Breast Cancer Rehabilitation
Welcome to Comber Physical Therapy & Fusion Chiropractic,
Having worked with breast cancer survivors since 2001, I understand the last thing you want is yet another medical appointment. So, before we get started, just know that I aim to make your physical therapy experience a positive one.
My goal as a physical therapist is to help identify what is a normal part of the healing process and what may indicate the need for a little more attention. I am a big believer in education, so I spend a lot of time with patients to help them understand what is going on and how they can safely get back to living their lives.
Your oncologist, your surgeon, and the folks at the radiation center – they saved your life. I am honored you chose me to be the physical therapist who helps you get back to the life you want to live!
Ginger Kennison, MPT, OCS
Breast Cancer Rehabilitation FAQs
How does a physical therapist assist with breast cancer recovery?
A physical therapist helps you to regain post-operative mobility, strength, and function. We help to guide the natural healing process to maximize your recovery.
What will my treatments include?
At your first visit, you will be assessed by a physical therapist who specializes in working with breast cancer patients. Your treatments will be highly personalized. Your sessions may range from just a couple appointments for preventative compression garment fitting, teaching exercises, and guidance about lymphedema prevention, to multiple appointments where you will also receive manual lymph drainage which is a very gentle massage technique to decrease swelling.
Will physical therapy be painful?
You will feel a normal stretching sensation and your muscles working, but most patients do not describe it as painful. We have discovered the gentle stretching and exercises bring great results in reducing pain and stiffness.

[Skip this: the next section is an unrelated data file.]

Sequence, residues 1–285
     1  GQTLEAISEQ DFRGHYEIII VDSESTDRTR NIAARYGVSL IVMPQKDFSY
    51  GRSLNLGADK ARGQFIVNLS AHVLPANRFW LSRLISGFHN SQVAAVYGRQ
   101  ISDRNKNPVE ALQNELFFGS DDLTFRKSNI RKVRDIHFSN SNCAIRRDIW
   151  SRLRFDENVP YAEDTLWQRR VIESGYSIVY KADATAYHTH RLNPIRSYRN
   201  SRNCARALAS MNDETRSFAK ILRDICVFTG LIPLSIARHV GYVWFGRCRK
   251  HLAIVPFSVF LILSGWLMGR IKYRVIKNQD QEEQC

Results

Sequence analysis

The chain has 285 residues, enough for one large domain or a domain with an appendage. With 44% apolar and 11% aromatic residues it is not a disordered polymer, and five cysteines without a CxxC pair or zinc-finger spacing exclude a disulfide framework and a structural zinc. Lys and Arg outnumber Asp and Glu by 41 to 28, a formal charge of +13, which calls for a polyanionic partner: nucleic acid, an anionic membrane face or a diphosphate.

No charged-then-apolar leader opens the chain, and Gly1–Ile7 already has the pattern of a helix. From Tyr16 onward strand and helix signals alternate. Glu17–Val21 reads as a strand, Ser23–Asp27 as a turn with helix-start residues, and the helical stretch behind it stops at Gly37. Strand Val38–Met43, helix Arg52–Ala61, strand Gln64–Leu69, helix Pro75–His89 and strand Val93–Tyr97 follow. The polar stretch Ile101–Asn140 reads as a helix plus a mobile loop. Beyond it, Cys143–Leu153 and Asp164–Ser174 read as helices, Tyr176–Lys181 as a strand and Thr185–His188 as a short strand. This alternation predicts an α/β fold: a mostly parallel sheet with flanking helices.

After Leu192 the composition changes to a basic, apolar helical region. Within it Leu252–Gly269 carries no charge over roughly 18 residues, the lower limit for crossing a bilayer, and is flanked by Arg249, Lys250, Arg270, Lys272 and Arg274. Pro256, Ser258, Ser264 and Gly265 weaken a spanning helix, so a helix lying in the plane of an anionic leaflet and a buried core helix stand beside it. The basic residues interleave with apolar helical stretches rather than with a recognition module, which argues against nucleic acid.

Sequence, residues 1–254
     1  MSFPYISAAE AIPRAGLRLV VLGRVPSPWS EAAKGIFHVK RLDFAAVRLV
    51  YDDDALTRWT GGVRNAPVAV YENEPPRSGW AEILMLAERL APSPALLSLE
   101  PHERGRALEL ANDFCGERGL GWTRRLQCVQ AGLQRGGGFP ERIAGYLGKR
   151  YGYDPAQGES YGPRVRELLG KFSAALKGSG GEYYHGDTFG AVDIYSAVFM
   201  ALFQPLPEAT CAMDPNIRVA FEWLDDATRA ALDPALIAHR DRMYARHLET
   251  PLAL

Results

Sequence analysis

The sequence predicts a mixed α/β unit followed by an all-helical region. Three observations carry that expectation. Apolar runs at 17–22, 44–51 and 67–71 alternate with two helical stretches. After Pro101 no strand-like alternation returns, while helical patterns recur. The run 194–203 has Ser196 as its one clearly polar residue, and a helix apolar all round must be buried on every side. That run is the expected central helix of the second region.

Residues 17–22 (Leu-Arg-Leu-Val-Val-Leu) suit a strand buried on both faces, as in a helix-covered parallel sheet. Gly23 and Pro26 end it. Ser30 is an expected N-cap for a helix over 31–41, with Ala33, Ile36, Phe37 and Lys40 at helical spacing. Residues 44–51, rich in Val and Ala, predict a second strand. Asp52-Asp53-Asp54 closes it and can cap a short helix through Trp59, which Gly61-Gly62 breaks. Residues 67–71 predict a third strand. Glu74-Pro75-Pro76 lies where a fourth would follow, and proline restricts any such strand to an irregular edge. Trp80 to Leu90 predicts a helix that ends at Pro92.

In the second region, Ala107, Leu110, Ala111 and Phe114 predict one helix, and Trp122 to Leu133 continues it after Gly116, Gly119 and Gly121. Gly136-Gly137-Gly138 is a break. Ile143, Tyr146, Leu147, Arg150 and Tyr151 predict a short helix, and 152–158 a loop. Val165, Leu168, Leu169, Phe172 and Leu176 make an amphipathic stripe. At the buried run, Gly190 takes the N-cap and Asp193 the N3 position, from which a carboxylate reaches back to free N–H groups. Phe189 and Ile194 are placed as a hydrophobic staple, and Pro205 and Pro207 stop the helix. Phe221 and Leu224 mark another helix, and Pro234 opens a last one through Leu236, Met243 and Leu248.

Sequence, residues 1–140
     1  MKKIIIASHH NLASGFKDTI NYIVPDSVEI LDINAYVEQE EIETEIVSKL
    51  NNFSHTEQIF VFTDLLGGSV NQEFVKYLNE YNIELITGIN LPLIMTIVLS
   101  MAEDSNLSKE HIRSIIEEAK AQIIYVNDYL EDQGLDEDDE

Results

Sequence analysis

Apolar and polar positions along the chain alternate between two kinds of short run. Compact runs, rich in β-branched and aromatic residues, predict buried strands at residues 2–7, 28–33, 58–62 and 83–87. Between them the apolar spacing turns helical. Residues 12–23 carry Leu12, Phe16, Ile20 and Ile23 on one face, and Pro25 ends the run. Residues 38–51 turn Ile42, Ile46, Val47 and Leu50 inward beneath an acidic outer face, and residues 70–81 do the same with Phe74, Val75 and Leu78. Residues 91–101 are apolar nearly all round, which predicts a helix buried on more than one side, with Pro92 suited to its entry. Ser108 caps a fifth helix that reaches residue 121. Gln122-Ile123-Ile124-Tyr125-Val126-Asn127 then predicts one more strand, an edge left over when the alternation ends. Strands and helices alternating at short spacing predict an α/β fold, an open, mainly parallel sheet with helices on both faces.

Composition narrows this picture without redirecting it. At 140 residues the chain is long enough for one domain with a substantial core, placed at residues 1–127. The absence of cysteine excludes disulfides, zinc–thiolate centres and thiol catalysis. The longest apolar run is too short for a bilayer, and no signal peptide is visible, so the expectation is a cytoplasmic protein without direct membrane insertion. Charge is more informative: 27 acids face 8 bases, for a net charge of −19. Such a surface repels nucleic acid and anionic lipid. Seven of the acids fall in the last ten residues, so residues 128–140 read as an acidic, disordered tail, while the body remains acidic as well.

Is pain following my breast and lymph node surgery normal?
Some post-op pain is normal. If it is lasting longer than your surgeon expects, or if you are having difficulty regaining shoulder mobility, you may be developing a condition called axillary web syndrome (AWS). AWS is characterized by pain and tightness centered in the armpit, which can extend into the arm or, less frequently, into the chest. It will often be associated with “cords” developing in the same area.
Does swelling after surgery mean I have lymphedema?
Everyone who has had breast surgery will have some post-op swelling. That’s normal! Physical therapy utilizes the unaffected parts of the lymphatic system to help eliminate that normal swelling. You are at risk for developing lymphedema if you have had lymph nodes removed, radiation, or chemotherapy. However, the majority of woman at risk never actually develop lymphedema.
Can I prevent lymphedema?
There are things you can do to further minimize your risk. Patients at risk are fitted with a preventive compression sleeve and gauntlet and educated on how to use it. While lymphedema may not be 100% preventable, if you know what to look for and pick up on it early, we can address it before it needs to be managed more aggressively. The earliest signs are a tight, heavy, thick feeling, and this may occur before any edema is measurable.